On the rails again

The train manager and another member of staff both had American accents and I could have thought that I was back on the California Zephyr travelling from Chicago to San Francisco and on holiday. Unfortunately I was on my way from Crewe to London for a work commitment. Passing through Stafford I saw the almost inevitable train spotter. Most have now swapped notebooks for technology but I have yet to see a female and/or under 50 train spotter. In London it was sunny and as I walked through the university I came across a farmers’ market with several street food stalls with huge vats of curry and paella which smelled wonderful but it was not lunchtime and I was not hungry. I finally reached my destination in Chancery Lane and in the reception on the fifth floor of the building had a view over the incredibly elaborate chimneys of the building next door. So often in cities, we do not lift our eyes above the street to see what is up there. Fortunately the room my meeting was in had a much less interesting view so I could concentrate on the business in hand. Afterwards, as I left, I saw the London Silver Vault on the other side of the street. A notice said it had 25 shops but much as I love antique silver, I resisted the temptation and wandered on towards Covent Garden. It is an area I have known since my student days when a friend was working at Crown Court Church of Scotland and I used to come down from Aberdeen to visit in my holidays. Today the market was in full swing and there were several buskers. A tenor was singing operatic arias downstairs and several others were performing in the surrounding area.

Busker (1 of 1)

I dipped into Stanfords on Long Acre to pick up some more State maps for the Lincoln Highway drive and a coffee stop and browsed in a couple of second hand bookshops in Charing Cross Road on my way back to Euston. On the train we had a very friendly and helpful member of staff who was very chatty as there were only a few of us in the carriage. He told us (after only two people had cheese and biscuits) that any left over food would be thrown away and gave the remaining cheese to one passenger who had enjoyed it. Needless to say I have tweeted Virgin Trains to ask why they cannot donate uneaten food to a homeless shelter or similar rather than throwing it away. I await their reply.

Two days in London

An early drop off at Crewe Station on Wednesday morning meant that fortified with a large coffee, I got some work done before the train arrived. There was great confusion on the destination boards, which seemed to have regressed to the earlier overnight trains: ‘23.42 from Glasgow Central terminates here’. I was on the slower service to Euston via Birmingham this time, which at least meant a change of scenery. Just before we drew in to the station at Wolverhampton we passed a number of interesting derelict Victorian buildings that are crying out for restoration and could provide the affordable homes that we need so much. From the station you can see the old Chubb Lock and Safe Company building that has been restored. Here is a photo from a local history site:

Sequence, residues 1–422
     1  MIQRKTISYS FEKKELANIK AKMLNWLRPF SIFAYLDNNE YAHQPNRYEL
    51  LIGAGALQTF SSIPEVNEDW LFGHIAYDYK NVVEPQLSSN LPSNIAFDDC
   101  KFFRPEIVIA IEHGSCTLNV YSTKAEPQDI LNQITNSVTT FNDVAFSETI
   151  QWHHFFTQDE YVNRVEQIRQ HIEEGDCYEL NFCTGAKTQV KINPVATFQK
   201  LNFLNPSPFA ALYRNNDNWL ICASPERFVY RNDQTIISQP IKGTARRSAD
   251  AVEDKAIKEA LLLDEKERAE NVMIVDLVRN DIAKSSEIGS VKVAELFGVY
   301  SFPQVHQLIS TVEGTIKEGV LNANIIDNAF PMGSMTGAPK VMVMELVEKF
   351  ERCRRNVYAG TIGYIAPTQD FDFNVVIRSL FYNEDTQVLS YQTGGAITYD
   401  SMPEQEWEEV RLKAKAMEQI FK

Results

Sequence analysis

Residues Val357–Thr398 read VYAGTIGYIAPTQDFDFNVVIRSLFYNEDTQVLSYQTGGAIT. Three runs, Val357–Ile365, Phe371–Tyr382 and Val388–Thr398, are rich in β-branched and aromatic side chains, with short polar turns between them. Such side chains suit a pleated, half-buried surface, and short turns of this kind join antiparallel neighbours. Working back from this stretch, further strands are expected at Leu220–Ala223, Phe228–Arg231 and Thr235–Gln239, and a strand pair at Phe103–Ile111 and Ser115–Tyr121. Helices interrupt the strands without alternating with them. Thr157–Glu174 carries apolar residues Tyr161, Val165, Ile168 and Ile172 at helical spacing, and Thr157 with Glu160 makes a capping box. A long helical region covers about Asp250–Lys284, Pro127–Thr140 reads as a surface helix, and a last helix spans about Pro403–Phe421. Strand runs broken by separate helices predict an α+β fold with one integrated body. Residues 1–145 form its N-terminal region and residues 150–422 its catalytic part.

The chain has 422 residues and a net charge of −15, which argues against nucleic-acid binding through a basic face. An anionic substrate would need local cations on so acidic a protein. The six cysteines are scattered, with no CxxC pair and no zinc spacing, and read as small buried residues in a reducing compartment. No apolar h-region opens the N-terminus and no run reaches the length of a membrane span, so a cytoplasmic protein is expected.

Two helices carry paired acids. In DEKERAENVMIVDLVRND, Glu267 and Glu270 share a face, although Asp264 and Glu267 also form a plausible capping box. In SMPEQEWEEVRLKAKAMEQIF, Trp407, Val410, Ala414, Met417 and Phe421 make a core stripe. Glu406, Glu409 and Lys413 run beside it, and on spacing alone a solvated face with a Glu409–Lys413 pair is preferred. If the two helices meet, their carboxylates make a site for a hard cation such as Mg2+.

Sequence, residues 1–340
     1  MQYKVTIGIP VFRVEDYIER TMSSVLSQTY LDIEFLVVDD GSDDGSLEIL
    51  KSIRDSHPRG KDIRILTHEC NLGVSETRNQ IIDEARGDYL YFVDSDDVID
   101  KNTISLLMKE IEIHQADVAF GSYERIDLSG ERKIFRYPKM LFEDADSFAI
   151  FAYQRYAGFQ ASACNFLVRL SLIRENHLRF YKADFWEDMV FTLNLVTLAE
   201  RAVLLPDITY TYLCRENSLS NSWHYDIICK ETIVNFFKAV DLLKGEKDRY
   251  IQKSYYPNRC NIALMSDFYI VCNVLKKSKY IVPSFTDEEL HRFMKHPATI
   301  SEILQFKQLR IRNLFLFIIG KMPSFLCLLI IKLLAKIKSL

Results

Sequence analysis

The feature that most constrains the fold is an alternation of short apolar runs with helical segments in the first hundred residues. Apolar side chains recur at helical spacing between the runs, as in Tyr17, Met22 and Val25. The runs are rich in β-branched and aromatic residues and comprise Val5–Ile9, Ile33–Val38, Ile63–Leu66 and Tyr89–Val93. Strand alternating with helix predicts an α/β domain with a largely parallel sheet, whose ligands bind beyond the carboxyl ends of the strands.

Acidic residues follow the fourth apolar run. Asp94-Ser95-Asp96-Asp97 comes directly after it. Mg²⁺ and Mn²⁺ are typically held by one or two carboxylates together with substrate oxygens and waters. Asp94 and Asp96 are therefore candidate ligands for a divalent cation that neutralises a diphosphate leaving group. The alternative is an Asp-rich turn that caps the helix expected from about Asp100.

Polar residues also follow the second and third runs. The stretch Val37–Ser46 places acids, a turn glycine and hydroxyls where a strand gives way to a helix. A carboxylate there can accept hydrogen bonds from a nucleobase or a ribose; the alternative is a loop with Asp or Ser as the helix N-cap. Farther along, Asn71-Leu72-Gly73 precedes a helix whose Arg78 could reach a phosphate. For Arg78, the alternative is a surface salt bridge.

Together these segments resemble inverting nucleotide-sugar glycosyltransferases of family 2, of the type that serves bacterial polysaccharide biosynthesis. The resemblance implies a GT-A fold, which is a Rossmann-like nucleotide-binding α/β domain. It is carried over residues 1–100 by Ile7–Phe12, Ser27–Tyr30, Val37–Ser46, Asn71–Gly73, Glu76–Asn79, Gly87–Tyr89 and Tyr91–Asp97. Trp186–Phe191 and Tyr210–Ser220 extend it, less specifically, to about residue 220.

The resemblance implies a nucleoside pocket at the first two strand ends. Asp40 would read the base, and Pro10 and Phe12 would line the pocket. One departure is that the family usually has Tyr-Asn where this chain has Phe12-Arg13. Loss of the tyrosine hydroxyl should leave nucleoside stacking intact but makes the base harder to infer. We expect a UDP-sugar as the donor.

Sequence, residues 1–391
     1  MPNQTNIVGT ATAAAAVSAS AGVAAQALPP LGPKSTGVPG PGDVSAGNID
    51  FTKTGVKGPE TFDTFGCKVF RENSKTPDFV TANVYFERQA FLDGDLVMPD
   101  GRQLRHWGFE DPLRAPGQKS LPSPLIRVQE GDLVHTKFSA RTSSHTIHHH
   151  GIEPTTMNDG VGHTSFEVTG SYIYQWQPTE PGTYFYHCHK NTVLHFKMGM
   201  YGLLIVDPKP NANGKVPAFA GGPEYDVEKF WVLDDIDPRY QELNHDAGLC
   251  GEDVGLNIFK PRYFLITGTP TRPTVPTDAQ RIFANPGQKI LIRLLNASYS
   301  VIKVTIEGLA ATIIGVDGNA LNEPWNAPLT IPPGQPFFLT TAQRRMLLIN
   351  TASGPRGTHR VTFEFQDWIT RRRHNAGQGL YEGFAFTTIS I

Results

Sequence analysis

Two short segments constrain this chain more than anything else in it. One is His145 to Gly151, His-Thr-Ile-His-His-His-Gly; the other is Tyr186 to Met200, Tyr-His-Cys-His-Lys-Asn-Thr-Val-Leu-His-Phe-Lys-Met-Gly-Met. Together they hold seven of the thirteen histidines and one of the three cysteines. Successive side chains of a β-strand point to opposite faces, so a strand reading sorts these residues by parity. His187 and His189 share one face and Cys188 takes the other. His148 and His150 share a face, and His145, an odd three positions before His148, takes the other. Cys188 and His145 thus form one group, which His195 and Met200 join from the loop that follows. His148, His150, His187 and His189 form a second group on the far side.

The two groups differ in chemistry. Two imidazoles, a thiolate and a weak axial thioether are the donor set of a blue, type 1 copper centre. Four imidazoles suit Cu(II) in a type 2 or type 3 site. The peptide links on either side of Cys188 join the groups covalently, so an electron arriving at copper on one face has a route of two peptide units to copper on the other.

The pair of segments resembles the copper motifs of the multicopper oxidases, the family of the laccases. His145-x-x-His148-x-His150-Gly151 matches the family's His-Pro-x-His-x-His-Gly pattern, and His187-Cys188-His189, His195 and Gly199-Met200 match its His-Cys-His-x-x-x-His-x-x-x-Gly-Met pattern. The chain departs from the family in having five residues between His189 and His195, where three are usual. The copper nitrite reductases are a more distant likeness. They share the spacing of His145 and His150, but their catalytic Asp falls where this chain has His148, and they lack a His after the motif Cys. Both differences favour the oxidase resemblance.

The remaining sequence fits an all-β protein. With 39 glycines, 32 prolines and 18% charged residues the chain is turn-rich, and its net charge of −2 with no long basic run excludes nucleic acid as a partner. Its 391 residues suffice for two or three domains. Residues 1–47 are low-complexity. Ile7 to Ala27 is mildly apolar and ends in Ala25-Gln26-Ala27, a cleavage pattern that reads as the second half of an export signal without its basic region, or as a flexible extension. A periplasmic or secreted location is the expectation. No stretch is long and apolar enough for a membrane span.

After Coventry, we were back into the countryside and there was still some autumn colour. It’s hard to believe we are in the second half of November. On one farm the animals were about to be fed. Two flocks of sheep in their fields and one herd of cattle were all staring intently towards the farm buildings, waiting for it to appear. Approaching Euston there were numerous small plants which had seeded in the gravel on the line and were flowering even this late in the year.
My walking route led me past UCL where a demonstration by students and supported by Socialist Worker was getting ready to set off. On Tottenham Court Road I passed Heals (along with Studio One in Edinburgh a great place to furnish and decorate a modern house) and down to Liberty ‘the chosen resort of the artistic shopper’ according to Oscar Wilde. If money were no object, there are innumerable wonderful things here. As always, a quick look at the Japanese prints on the top floor was essential, Kawase Hasui’s snow scenes being a favourite. However, I was focussed on Christmas present buying and that was soon finished (declining bubble wrap and plastic bags) and I wandered down Carnaby Street picking up some stocking fillers. Back at Oxford Circus a band were busking.
Buskers at Oxford Circus 19 Nov 2014 (1 of 1)
Afterwards, a quick tube journey to Islington and after popping into the Oxfam bookshop (one for me and one for a Christmas stocking filler) I was in my hotel. No more wall space at the moment so I did not visit Finbar MacDonnell’s wonderful map shop in Camden Passage. The hotel is modern and almost monochrome which fits with my current exploration of black and white photography. Today I woke early to a misty morning. Down in the City where my meeting was taking place, the Gherkin and the Shard were in the mist but lack of time and unwilling to stand in the middle of the busy road, there are no photographs. Late afternoon, the meeting was over and I wandered back to Oxford Street to photograph the lights.
Christmas Lights Oxford Circus 20 Nov 2014 (1 of 1)
Hare Krishna monks were singing and chanting along the street and Jehovah’s Witnesses standing outside the tube station trying to give away booklets. I made my way back to Euston via some of my favourite bookshops in Bloomsbury. I came across two amazing shops on my wanderings – one devoted entirely to umbrellas and walking sticks
Umbrella & Walking Stick Shop 20 Nov 2014 (1 of 1)
and one that sells rubber stamps for printing. You can even buy sealing wax and seals in there. I had a fairly uneventful train journey home with pleasant company, red wine and one of the books I had bought.